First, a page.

Vladimir Putin was watched closely during his D-Day commemoration visit. For the first time since the start of the Ukraine crisis, the Russian president met directly with his critics in the West.
Would Putin show up? Or would he call it off at the last minute? Who should sit next to him on the podium? And who would even want to? Rarely has such a diplomatic fuss been made over a state visit as over the Russian president's visit to Normandy on Friday (06.06.2014).
Since Russia's annexation of Crimea in March, Putin has been a political persona non grata in the West, with his country excluded from the group of major industrialized countries until further notice. Putin likely took part in the D-Day commemorations in order to come out of isolation. But he paid a price in the form of a number of private meetings with Western leaders throughout the day.
First up was British Prime Minister David Cameron, who read him the riot act. Cameron, who refused to even shake Putin's hand, said he gave the Russian president a number of clear and firm messages.
Shortly before the official celebrations for the 70th anniversary of the Allied landings began, German Chancellor Angela Merkel also met with Putin. Although the two greeted each other with a handshake, images of the conversation were sobering, tense and uncomfortable. Afterward, it was said that the chancellor asked Putin to take "responsibility" for the situation in eastern Ukraine.
At noon, French President Francois Hollande stood in front Chateau de Benouville and welcomed world leaders to lunch. When Putin's car pulled up, the tension was palpable. But the French president simply led his guest inside, leaving Prime Minister Manuel Valls to handle the rest of the guests.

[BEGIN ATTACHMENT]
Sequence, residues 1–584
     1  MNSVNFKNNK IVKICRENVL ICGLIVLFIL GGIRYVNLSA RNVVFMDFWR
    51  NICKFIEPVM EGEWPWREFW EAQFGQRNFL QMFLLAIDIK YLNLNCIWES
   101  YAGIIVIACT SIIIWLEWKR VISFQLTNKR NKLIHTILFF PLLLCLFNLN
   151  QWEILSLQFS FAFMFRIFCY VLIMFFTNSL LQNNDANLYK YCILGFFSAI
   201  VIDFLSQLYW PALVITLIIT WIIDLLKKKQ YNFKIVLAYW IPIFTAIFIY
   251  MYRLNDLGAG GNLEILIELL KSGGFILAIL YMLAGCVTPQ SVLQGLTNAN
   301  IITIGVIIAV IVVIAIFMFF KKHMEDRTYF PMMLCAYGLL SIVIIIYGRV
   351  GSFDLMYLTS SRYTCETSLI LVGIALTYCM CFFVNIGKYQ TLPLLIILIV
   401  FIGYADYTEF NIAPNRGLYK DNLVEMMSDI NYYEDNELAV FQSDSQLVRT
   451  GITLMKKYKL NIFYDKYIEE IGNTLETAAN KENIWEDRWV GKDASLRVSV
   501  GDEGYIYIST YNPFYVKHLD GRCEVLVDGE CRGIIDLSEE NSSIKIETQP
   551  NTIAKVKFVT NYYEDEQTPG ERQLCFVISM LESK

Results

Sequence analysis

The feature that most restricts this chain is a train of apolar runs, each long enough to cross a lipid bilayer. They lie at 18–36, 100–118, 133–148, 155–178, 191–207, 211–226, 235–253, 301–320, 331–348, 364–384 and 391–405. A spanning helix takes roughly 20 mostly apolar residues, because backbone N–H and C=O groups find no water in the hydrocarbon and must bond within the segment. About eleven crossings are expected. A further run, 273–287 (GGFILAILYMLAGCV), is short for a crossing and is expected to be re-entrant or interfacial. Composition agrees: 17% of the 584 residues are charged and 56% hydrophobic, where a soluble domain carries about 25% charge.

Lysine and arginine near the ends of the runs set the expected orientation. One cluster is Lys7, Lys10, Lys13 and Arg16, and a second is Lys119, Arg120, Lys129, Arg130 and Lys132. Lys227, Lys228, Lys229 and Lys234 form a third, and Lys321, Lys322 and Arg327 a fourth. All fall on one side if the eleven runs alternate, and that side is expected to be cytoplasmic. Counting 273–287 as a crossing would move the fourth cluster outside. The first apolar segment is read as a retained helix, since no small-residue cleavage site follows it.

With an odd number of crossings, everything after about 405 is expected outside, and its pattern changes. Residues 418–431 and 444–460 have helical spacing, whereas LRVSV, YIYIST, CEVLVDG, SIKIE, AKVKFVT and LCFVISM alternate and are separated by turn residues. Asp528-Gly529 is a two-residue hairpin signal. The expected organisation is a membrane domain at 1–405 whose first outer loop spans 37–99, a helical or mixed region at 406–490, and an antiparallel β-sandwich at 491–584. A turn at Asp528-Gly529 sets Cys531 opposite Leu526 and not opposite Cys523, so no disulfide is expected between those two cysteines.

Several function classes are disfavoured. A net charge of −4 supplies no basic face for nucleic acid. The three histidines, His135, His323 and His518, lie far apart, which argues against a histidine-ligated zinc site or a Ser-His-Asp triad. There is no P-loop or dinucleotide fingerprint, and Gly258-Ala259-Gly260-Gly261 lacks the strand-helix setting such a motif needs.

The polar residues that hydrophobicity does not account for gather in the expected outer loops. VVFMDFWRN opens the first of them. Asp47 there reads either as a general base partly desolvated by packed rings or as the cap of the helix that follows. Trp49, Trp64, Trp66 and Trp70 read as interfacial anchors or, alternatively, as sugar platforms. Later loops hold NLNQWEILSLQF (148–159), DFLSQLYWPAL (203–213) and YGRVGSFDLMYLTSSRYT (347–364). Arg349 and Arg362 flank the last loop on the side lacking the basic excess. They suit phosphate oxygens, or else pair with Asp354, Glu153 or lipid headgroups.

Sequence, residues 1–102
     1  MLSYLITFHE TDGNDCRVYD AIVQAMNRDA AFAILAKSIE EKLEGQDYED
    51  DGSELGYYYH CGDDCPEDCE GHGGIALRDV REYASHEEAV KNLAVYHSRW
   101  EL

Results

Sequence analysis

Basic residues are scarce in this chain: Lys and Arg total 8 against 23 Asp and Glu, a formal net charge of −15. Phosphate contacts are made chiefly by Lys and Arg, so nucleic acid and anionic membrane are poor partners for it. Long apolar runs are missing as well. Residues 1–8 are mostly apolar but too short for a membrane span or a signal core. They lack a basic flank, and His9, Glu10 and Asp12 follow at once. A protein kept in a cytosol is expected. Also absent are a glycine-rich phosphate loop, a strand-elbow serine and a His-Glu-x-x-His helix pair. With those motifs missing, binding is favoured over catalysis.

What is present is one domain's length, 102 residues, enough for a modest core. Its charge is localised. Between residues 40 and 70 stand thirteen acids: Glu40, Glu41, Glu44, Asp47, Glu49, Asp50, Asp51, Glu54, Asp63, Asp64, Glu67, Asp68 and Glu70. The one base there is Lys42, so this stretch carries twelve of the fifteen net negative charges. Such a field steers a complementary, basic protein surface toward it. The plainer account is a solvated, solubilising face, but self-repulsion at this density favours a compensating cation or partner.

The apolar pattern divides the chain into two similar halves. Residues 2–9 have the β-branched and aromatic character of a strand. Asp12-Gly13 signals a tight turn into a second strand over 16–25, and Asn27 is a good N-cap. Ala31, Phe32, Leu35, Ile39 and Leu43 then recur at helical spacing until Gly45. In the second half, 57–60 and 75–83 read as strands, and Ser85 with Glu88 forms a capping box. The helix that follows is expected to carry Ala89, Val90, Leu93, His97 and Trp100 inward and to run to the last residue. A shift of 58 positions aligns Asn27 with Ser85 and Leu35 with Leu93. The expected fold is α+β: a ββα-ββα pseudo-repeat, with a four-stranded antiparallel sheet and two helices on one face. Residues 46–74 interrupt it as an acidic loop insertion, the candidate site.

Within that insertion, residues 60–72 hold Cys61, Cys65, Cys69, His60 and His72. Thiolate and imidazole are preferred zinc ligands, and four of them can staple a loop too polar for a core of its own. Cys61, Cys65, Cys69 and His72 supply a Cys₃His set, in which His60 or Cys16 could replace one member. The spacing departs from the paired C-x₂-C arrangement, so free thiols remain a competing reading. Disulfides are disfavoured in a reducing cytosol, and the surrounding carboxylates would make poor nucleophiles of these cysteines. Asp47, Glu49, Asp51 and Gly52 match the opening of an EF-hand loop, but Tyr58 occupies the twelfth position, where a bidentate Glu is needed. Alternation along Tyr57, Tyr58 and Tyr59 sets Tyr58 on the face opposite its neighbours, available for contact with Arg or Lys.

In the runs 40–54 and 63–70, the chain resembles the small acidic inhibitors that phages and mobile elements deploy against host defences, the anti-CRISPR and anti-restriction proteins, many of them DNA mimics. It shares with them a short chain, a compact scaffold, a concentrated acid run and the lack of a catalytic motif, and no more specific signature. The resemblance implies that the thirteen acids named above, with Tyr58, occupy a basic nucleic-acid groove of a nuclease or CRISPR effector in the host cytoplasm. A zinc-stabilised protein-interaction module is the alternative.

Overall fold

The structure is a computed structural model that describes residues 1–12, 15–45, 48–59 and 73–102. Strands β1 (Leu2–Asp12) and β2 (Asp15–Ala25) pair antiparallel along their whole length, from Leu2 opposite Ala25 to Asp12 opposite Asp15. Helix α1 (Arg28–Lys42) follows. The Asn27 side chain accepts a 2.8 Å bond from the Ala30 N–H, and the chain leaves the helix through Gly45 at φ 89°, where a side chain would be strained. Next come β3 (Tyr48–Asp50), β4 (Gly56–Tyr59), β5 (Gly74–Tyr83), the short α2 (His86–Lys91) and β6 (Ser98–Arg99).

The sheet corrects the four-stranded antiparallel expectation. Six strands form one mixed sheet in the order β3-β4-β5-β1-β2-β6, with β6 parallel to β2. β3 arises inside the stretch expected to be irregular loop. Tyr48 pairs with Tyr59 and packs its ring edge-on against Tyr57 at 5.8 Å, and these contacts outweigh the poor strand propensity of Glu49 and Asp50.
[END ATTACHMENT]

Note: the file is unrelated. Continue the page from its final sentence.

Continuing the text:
Meanwhile, Hollande moderated a meeting between Putin and Ukraine's president-elect Petro Poroshenko. Moscow has yet to officially recognize the presidential elections in Ukraine and Poroshenko's victory. Observers saw the conversation, therefore, as a minor success, especially since both sides called for an end to violence in Ukraine's embattled eastern territories.
'Informal exchange' with Obama
Even US President Barack Obama spoke with Putin, for at least 10 minutes, maybe 12, maybe even twice. In any case, the White House was quick to point out that their meeting was merely an informal exchange, nothing official. And while journalists were still trying to figure out who had talked with whom and for how long, the guests of honor left for the official ceremony on the beach at Ouistreham.
When Obama drove up, Putin dutifully applauded and then continued speaking with Merkel, this time quite relaxed. During his speech, Hollande praised the "courage of the Red Army," which had made a "significant contribution" to victory over Nazi Germany - obviously an important gesture for the difficult guest from Moscow.
Then, for a brief moment, tensions with Russia seemed to evaporate completely. Obama and Putin weren't sitting next to each other on the podium - organizers had made sure of that. That wouldn't do for the director of the big event, who managed to show the two leaders side by side in a split screen on the large display. The hundreds of visitors spontaneously clapped and laughed. Even Putin cracked a smile - if only briefly.
The German government has proposed a series of reforms to make the military more attractive as an employer. Bundeswehr soldiers have been complaining of lack of equipment and poor facilities in the barracks.
Casualties have continued to mount in fighting between pro-Russia separatists and government troops in eastern Ukraine. Meanwhile, the rebels have said that peace talks due be held in Minsk have been called off.
Srebrenica genocide guilty verdicts against two Bosnian Serb ex-military officers have been upheld by the UN's appeals chamber in The Hague. It has confirmed life jail terms for Vujadin Popovic and Ljubisa Beara.